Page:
NOOZHAWK: Should Santa Barbara’s Sphere of Influence boundaries be expanded? Specifically, what should the boundaries be?

DW: Yes, it should include areas of the Goleta Valley that want better municipal services or even additional protections on land use. However, this should be up to the people themselves and should not include the mobile homes, whose affordability could be threatened by eventual annexation.

NOOZHAWK: Should Highway 101 be widened from Milpas Street to the Rincon?

DW: Yes, and it should be a carpool lane to encourage ride-sharing and be accompanied by more commuter bus service.

NOOZHAWK: Are you willing to spend local tax dollars to bring commuter rail to Santa Barbara?

DW: Absolutely. Our traffic problem is so bad we should attempt to pursue as many solutions as possible. Furthermore, freeway widening will take years, and during the construction traffic could be even worse.

NOOZHAWK: What is your opinion of street narrowing and roundabouts as traffic-control measures, and do you think they have been successful?

DW: They have nearly always been successful in slowing down traffic in neighborhoods with children, but some have been implemented in a manner that led to much public acrimony. I’m not sure how to solve this. I hate to have to slow down, too, but I think people have a right to have safer streets in areas that were never meant to be thoroughfares for traffic.

NOOZHAWK: With regard to new buildings in downtown Santa Barbara, how high is too high? What should be the height limitation in terms of stories?

DW: I vigorously will require new buildings to adhere to our current height limits of 60 feet or under, and discourage them from even getting that big. But more important than height is requiring adequate setbacks from the street and articulation of the building shape, so much of it is lower than the highest points in order to protect viewsheds and minimize how imposing the building is.

NOOZHAWK: Is Santa Barbara losing its middle class?

DW: It is. Unless we are willing to build price-controlled, middle-income ownership units and protect our stock of rentals in the city we will lose our young people, our critical workforce of police, firefighters, teachers, nurses and public works personnel (like the people who daily make sure you get water when you turn on the tap). A community without another generation is a community without a soul. I will work to avoid this dark fate.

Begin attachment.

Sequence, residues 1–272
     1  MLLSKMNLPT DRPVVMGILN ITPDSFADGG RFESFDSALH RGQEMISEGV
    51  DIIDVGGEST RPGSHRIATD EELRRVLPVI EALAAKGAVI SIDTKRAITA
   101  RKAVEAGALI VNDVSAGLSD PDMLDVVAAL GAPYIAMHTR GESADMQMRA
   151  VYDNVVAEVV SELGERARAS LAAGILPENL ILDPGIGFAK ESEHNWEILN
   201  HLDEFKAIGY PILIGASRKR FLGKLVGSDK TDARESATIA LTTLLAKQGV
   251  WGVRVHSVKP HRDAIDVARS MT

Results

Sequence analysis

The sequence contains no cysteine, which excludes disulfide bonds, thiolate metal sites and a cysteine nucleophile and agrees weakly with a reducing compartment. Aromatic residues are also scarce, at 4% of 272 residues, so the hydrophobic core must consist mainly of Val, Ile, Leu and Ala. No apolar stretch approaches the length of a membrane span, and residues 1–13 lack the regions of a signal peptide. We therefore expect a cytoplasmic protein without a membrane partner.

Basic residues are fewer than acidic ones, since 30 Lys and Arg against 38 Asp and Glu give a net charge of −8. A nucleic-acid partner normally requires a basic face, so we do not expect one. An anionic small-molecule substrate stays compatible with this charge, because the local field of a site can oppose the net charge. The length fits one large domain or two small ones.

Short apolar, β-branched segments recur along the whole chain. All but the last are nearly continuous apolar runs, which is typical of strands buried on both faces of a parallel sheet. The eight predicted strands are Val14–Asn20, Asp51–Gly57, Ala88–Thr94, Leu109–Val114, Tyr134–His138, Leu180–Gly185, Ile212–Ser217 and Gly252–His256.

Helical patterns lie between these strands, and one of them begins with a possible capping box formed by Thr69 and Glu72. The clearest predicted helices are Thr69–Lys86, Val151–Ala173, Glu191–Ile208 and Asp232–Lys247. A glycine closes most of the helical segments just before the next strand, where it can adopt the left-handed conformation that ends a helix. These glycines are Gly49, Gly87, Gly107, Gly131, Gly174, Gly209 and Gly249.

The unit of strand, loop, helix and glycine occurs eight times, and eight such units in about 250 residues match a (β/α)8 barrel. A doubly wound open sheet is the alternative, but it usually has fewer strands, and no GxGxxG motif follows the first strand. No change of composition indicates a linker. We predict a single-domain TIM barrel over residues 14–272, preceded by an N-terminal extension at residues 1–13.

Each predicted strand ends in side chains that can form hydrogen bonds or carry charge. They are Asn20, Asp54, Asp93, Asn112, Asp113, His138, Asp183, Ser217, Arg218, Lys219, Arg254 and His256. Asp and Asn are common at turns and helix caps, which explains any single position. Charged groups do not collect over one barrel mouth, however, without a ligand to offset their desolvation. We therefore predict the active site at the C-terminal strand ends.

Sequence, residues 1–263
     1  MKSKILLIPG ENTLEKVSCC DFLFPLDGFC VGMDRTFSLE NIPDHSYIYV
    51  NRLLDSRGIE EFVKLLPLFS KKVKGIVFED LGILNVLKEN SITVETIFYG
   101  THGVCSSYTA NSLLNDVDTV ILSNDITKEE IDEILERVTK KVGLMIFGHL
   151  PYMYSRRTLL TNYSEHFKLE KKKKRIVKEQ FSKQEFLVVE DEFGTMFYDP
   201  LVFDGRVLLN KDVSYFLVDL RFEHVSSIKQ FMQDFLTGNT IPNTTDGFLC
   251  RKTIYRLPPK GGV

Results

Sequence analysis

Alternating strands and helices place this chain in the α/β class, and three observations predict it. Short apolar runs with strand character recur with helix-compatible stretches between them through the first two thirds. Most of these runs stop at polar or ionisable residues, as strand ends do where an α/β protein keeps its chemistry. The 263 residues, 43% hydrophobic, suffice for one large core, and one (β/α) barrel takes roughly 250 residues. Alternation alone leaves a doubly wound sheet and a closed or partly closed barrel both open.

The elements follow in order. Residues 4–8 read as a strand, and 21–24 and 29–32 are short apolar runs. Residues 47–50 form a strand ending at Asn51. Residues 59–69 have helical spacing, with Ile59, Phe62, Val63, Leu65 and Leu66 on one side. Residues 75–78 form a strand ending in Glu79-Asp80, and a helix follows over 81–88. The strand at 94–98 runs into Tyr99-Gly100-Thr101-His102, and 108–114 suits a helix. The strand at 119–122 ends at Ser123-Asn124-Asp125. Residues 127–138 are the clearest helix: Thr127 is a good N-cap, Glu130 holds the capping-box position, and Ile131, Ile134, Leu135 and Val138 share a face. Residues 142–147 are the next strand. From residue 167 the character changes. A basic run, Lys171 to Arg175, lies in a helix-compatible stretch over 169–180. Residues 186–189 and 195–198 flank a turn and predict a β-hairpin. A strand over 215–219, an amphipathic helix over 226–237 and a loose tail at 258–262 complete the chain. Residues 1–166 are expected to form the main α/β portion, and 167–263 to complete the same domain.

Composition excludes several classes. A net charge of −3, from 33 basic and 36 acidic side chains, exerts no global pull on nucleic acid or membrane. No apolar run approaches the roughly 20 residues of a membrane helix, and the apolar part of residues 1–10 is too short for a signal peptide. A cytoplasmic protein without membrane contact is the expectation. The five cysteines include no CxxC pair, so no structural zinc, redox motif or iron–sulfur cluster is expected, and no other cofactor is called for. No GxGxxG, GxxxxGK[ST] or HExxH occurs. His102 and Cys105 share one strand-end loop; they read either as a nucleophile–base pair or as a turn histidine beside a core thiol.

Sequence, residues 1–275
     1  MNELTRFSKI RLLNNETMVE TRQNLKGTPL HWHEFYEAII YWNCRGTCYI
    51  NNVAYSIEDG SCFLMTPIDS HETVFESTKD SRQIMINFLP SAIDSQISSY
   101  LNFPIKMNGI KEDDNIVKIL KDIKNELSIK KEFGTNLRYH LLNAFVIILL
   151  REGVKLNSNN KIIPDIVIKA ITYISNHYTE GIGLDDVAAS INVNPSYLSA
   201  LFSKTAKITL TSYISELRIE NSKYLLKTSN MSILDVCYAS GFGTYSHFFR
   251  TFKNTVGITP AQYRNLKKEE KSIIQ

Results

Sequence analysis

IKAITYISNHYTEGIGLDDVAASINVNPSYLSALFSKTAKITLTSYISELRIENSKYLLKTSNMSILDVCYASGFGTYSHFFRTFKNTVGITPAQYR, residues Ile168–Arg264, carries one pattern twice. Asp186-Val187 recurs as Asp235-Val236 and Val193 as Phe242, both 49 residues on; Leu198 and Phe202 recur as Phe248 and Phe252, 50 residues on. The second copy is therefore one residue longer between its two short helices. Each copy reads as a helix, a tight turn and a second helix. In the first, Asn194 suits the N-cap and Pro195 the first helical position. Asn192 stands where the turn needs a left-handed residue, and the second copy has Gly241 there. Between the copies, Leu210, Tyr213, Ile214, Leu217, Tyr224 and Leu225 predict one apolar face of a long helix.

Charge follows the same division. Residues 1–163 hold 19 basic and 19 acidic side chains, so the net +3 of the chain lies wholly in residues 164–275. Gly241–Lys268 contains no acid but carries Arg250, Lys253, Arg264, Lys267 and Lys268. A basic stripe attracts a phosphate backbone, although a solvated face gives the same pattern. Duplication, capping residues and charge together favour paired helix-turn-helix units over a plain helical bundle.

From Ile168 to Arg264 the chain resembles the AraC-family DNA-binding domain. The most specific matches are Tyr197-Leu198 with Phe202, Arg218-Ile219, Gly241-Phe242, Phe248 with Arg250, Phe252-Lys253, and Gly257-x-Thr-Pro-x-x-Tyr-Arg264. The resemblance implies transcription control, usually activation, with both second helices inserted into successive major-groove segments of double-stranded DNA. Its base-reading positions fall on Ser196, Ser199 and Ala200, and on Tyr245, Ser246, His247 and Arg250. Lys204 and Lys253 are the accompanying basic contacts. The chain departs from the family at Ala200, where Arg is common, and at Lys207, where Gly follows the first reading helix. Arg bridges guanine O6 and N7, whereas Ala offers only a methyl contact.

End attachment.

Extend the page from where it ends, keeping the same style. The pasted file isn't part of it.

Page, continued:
NOOZHAWK: Should the city help develop more workforce housing?

DW: I just answered that above. We should, not only to preserve a middle class but to prevent an even larger increase in traffic. As our workforce moves away the jobs stay here, which is drowning us in traffic. The last 10 years have seen a decrease in our population but an increase in traffic. I would rather have some of those folks downtown than clogging up our freeways daily.

NOOZHAWK: Seizing on the adoption of the Isla Vista Master Plan that will yield more than 1,400 housing units, Santa Barbara County has asked the state of California to certify that the I.V. plan satisfies the county’s unmet need for affordable housing under the 2002 Regional Housing Needs Assessment (RHNA). Is it fair to use Isla Vista’s willingness to accept increased density as a way to avoid a regional allocation of affordable housing units? How would you handle this obligation?

DW: The city has always exceeded its RHNA allocation and I think it’s fair to say that the RHNA process does not drive our land-use policy. I cannot say that is also true of the county, where unfortunately all the units used to get dumped in Orcutt and now they’re trying to dump them all in I.V. Instead, I would rezone some of our commercial areas in various parts of the county into residential or mixed-use, which would fulfill the requirement of rezoning, without losing precious ag land.